the weblog of Alan Knox

The Discipline of Listening

Posted by on Mar 23, 2010 in discipleship | 4 comments

News flash: I like to talk.

It’s true. I know that it’s probably hard to believe from reading my blog, but I do like to talk. And, from my perspective, I usually have something beneficial to say.

But, I’m learning an important lesson about listening. I’m learning that it really is important to listen to others. Yes, I know that James wrote, “Let every person be quick to hear, slow to speak, slow to anger…” (James 1:19). But, I always figured that James didn’t mean those of us who are leaders and who are well-studied and well-prepared and who had something important to say.

I always thought that for people like me, James would tell us to go ahead and talk. I mean, I would never say that out loud… that might hurt someone else’s feelings. But, apparently I really thought that James didn’t mean for me to be slow to speak, because that’s the way I acted. I also acted as if it were okay for me to speak whenever I wanted to.

But, I’m learning that James really did mean for “every person” to be quick to listen and slow to speak. Yes, he really did mean me, and other leaders, and even preachers.

How can I be quick to listen and slow to speak? Well, it’s easier for me in my situation, especially at times when the church is meeting. Because, even though I’m a leader in the church, the church does not depend upon my speaking/teaching/preaching. The church has learned that all believers are responsible for speaking in ways that edify one another.

So, when the church meets, being quick to listen for me means to wait before I speak. It means that even if I have something important to say, I should be “quick to hear and slow to speak.” It means disciplining myself to allow others to speak first.

This is an important lesson that God is teaching me. Last Sunday, I still spoke a few times, but I spoke much less often than I would normally speak. And, I noticed something, I was more tuned in to what other people were saying. And, guess what? They had very important things to say too… things that I needed to hear.

But, as I’ve been thinking about the “discipline of listening”, I wonder what other leaders do… those leaders who don’t have a choice but  are required to speak every Sunday (or even assume they are supposed to speak every time the church meets). What about situations where others are not allowed to speak? How do these leaders exercise the discipline of listening?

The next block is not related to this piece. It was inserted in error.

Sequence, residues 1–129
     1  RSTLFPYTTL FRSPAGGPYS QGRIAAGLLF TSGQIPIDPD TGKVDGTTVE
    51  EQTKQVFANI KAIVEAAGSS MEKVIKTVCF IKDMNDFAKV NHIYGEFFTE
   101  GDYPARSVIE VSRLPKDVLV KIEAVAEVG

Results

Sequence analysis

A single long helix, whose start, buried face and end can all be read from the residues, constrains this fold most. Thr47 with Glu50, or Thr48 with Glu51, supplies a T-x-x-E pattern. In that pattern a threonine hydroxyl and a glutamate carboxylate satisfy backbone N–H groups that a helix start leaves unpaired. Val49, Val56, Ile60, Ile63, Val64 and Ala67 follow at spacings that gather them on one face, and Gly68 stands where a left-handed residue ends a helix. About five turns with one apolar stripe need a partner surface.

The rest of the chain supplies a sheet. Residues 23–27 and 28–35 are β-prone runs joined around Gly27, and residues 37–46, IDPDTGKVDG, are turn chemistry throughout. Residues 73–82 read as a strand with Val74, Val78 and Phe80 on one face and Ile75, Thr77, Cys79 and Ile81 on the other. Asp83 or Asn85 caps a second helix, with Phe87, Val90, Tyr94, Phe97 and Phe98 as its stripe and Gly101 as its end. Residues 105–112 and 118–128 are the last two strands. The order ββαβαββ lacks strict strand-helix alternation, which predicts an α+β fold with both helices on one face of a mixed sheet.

Comments are closed. If you would like to discuss this post, send an email to alan [at] alanknox [dot] net.

  1. 3-23-2010

    No Comment, just listening. 🙂 Thanks Alan, I needed this.

  2. 3-23-2010

    Many years ago I was on the vestry of the Episcopal church we had joined, serving as secretary the entire time, becoming known for keeping very detailed minutes. A friend asked me why I kept volunteering for the job; I told him that taking notes helped me keep my mouth shut, and I meant it.

    Things I discovered as I quietly took my notes:
    Most of the things I thought were important to say usually got said by someone else
    Most of the rest turned out to be not so important
    While listening to the discussion I occasionally heard things that were much more important than anything I had to say
    Very occasionally as the discussion wound down I found myself with something that hadn’t been said but needed saying
    Because I tended not to speak up until the very end, people were not tired of my voice and would pay more than normal attention to what I said
    Because of all the above, I was often able to say what needed to be said at the moment—rather than what I wanted to say—and could thereby break a deadlock or defuse tension over a difficult matter

    This week I have been studying advice from experts on how to effectively establish relationships at professional conferences. Most of the advice boils down to “Stop talking, start listening.”

  3. 3-23-2010

    Sorry about the bad formatting in the previous comment. The crowded-together sentences in the middle are supposed to be a list of bullet points.

  4. 3-23-2010


    Me too… or trying, anyway.


    Great thoughts. Thank you.